Seventy two years later Captain Edward Smith had one of the worst days at sea imaginable when the ship he commanded on her maiden voyage struck an iceberg mid-Atlantic, sinking with the loss of 1500 lives including his own. Snow’s Funeral Home in Halifax occupied the building that now houses the city’s finest restaurant Five Fishermen. Snow’s became a makeshift morgue as bodies from the RMS Titanic were brought ashore amidst an overwhelming cloud of grief. Locals swear that, (unlike Elvis) some of those souls never left the building.
Cunard’s Queen Mary 2 pays homage to her founder with a couple of special tenth anniversary sailings into Halifax this year.
Once the industrial and financial hub of the country, Canada’s second largest city manages to do quaint residential neighbourhoods in the shadow of high-rise buildings. Old Montreal craftily merges French and British Colonial design from the city’s glory days when Saint James Street was known as the Wall Street of Canada. These days it’s not quite so uptight. The striking Gothic Revival architecture of Notre-Dame de Montreal Basilica conceals a colourful sanctuary inside, all elaborate carved timber beneath a cobalt blue ceiling. Flanking the Basilica, less flamboyant but no less grand buildings were formerly 19th century headquarters of major Canadian banks. The luxurious L’Hotel was one such building as the head office for Montreal City Savings Bank in a previous life. Inside, an impressive modern art collection featuring Andy Warhol works now hang in former vaults converted into guest rooms.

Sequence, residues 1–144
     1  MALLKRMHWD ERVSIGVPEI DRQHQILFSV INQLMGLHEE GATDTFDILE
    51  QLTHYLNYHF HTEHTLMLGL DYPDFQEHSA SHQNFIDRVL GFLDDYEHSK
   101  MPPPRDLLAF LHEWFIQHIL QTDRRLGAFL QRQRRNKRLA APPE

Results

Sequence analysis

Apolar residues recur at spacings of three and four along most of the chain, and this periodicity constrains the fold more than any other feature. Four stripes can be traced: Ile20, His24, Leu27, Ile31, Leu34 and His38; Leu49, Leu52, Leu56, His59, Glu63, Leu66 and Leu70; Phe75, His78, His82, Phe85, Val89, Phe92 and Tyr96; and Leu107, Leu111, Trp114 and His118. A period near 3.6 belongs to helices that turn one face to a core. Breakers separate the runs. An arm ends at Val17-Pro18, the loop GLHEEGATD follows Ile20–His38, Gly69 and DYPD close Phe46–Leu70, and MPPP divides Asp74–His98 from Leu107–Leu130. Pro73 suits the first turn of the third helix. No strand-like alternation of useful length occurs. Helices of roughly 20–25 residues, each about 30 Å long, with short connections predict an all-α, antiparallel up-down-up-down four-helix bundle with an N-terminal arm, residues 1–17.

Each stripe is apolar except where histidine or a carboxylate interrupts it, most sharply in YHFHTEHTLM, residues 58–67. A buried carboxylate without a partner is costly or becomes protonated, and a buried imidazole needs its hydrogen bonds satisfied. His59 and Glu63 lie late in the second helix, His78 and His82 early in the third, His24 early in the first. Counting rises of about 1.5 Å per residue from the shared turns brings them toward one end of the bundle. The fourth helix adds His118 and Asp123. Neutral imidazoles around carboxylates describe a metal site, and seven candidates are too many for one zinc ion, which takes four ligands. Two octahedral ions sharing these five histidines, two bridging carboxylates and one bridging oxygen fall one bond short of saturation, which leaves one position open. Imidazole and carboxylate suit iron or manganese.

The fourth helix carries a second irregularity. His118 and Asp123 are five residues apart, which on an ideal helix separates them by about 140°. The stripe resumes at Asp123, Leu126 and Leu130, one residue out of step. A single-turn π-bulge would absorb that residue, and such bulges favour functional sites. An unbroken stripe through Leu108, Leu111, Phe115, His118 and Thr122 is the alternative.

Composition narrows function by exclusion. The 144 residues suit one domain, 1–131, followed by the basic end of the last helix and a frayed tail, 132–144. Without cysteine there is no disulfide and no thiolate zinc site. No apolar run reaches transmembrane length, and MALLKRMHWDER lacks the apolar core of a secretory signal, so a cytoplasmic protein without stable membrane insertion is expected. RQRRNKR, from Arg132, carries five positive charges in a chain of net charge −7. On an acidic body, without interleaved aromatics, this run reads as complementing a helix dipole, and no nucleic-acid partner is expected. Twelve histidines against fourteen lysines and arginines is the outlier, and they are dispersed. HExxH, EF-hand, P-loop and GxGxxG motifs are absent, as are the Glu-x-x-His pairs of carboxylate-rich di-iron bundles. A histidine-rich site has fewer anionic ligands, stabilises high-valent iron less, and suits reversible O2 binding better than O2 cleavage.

Hire a bike or lace up your walking shoes to absorb the best of Old Montreal and the city’s famous neighbourhoods which are delineated by street lamps which change every few blocks. Don’t forget your wallet: there’s plenty of opportunities to poke around in bespoke gift shops, designer boutiques and curiosity stores specialising in vintage treasures. Don’t miss Jean Talon Market for fresh produce and a patisserie baking bread worth crossing continents for.
7) The Canadian train
Definitely a journey to unleash your inner gunzel (as trainspotters are called), the cross country VIA Rail journey from Vancouver to Toronto known as The Canadian is so legendary that the Bank of Canada honours the 4,466 km journey with its appearance on the ten dollar note. (By comparison the Indian Pacific train between Sydney and Perth is 4,352 km). The Canadian winds its way eastwards from coastal Vancouver upwards into the dramatic Rocky Mountains, deep into boreal forests and lakes of northern Ontario, bursting onto prairie flatlands, skirting the Great Lakes before pulling into Union Station in downtown Toronto five days later.
Book a Sleeper Plus cabin or suite to enjoy fine dining, glass rooftop panorama cars and just enough private space to provide a cocoon-like sanctuary perfect for idle reading or indulgent relaxation while enjoying the ever-changing view as it rolls by. Not for the claustrophobic.
Got a question for Fiona? Ask her here.